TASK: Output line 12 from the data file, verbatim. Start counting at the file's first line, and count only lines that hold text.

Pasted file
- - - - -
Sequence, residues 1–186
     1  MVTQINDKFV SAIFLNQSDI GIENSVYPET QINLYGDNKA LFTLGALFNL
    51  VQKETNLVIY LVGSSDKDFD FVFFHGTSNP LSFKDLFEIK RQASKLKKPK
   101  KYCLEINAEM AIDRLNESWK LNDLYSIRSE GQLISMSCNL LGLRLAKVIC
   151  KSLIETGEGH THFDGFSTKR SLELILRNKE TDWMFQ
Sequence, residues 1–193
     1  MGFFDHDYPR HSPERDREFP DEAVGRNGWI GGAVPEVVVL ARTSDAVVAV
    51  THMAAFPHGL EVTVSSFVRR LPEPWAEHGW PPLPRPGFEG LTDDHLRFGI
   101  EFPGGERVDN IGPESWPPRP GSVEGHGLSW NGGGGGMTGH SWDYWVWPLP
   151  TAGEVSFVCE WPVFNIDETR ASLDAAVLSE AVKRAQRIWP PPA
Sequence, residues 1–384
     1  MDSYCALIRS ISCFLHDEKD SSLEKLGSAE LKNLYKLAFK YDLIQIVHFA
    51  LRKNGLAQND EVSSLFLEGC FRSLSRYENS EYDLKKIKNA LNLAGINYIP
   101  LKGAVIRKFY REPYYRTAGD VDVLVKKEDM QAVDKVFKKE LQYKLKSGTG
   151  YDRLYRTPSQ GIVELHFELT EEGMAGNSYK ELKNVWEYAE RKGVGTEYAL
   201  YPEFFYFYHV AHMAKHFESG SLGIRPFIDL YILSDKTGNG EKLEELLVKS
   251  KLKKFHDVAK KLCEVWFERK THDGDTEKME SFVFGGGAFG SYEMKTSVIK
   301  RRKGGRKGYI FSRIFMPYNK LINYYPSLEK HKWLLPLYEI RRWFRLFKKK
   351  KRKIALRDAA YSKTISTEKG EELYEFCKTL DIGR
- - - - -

     1  MDSYCALIRS ISCFLHDEKD SSLEKLGSAE LKNLYKLAFK YDLIQIVHFA